I recently listening to a song (Marie Myriam - L'Oiseau et L'Enfant) and I heard these:

Beau le bateau, dansant sur les vagues


Belle la chanson naissante des vagues


Blanc l'innocent, le sang du poète


Noire la misère, les hommes et la guerre

I noticed that those adjectives placed before la or le. I wonder, what is the difference with if I place the adjective after la or le (for example: le beau bateau, la belle chanson, or la misère noire)?

1 Answer 1


It's not equivalent to a noun phrase with an adjective, but to a copular sentence.

In other words:

Beau le bateau, dansant sur les vagues (Beautiful the boat, dancing on the waves)

= Beau est le bateau, dansant sur les vagues (Beautiful is the boat dancing on the waves)

= Le bateau dansant sur les vagues est beau (the boat dancing on the waves is beautiful)

This is an example of archaic syntax, mostly used in poetry, although it can be used in speech, with a slightly different prosodic pattern, when giving an opinion about something:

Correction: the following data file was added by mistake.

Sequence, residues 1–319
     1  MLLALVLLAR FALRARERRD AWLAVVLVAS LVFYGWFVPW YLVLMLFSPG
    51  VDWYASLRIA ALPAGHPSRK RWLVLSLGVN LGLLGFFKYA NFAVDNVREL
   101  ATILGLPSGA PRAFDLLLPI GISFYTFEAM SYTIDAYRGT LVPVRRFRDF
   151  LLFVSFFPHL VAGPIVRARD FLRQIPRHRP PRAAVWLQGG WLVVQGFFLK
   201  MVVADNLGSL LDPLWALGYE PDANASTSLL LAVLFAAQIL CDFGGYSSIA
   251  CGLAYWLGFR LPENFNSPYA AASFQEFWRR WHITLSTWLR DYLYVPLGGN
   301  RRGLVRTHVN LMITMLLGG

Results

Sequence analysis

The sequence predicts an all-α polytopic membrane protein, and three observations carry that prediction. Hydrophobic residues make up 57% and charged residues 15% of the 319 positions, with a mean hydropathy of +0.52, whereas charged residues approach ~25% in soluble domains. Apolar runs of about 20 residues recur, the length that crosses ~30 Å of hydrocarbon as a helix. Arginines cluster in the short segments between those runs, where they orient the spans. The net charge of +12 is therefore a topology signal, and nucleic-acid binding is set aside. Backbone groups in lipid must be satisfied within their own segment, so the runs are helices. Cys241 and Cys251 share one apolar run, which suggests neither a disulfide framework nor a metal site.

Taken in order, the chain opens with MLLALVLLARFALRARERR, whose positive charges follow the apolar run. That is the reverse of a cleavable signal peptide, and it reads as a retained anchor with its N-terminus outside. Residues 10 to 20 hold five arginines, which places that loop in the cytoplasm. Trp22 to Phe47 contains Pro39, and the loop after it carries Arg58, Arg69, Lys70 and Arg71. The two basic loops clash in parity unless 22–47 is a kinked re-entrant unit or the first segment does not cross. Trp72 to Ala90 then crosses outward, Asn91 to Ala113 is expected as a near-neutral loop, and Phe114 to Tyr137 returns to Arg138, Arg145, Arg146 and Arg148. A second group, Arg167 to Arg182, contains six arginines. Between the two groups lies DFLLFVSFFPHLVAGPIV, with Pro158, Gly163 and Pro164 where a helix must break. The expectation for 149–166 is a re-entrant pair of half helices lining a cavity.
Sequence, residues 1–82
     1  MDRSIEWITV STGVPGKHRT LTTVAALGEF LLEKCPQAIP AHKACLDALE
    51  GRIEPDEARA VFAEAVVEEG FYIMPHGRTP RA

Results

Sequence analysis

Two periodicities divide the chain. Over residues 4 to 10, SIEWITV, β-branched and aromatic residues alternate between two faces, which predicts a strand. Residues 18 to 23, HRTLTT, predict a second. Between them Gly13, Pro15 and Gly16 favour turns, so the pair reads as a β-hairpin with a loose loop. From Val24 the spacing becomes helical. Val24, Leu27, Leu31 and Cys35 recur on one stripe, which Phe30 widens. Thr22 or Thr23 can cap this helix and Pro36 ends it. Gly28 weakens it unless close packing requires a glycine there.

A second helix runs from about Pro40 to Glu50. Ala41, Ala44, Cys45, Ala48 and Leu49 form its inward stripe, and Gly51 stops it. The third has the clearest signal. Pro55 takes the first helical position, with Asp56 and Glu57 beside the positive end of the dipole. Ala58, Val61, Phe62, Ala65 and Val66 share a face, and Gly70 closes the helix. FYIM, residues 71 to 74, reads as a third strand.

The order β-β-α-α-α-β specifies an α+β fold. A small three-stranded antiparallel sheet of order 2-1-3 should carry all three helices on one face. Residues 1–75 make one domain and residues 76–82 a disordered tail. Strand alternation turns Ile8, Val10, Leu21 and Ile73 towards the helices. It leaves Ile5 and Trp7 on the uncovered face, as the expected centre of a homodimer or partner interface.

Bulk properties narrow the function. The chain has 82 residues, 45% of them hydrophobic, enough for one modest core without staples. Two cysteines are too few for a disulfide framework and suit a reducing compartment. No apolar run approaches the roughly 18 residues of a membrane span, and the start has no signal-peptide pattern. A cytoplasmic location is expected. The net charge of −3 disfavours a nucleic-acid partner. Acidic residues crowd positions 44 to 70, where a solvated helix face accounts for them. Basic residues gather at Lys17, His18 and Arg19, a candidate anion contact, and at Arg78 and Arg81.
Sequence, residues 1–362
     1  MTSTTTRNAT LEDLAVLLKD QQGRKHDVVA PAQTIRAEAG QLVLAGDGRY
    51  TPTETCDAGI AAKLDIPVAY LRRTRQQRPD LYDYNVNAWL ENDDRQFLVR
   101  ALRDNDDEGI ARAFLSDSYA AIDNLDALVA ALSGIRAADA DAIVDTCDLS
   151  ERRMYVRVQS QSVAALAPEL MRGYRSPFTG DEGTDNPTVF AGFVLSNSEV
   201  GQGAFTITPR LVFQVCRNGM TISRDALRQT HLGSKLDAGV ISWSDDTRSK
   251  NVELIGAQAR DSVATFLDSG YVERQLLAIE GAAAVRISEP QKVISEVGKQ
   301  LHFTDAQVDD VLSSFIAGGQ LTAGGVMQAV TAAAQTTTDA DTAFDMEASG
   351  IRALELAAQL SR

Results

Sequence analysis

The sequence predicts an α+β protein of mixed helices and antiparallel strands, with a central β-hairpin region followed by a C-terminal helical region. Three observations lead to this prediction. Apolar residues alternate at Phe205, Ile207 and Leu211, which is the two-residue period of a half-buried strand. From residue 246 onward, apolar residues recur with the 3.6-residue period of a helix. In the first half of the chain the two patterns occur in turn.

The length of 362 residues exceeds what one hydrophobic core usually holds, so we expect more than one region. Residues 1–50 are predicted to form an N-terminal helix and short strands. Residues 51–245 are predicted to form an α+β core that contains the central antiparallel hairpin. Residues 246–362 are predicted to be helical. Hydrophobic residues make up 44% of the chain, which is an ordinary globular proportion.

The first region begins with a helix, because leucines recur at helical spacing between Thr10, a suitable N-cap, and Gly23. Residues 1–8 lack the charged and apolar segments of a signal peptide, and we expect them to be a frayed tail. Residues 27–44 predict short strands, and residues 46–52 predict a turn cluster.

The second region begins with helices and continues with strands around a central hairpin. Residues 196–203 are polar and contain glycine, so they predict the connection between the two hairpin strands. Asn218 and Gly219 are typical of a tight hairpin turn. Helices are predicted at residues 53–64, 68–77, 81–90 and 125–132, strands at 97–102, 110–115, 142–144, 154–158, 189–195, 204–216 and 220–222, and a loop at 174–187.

Pas mal, ce bateau (Quite nice, that boat)

  • So, it's like The boat dancing on the waves is beautiful in English?
    – srifqi
    Nov 13, 2016 at 2:20
  • @srifqi Yes. I've added in English translations Nov 13, 2016 at 9:54
  • Does this good analysis also apply to the last two lines where no present participles are there to connect the clauses (especially the last one which perhaps could be seen simply as a series of three dark things)?
    – Papa Poule
    Nov 13, 2016 at 15:54
  • 1
    @PapaPoule The 3rd and 4th sentences strike me as having weird agreement (I'd have written blancs and noirs) but otherwise fit the pattern: la misère, les hommes et la guerre sont noirs.The participle is irrelevant, the first sentence would function grammatically without it, but would be a bit idiomatic.The structure under discussion is generally used with a qualifying clause (either participal or a subordinate clause introduced by que) or an enumeration (like example 3 & 4) Nov 15, 2016 at 10:42

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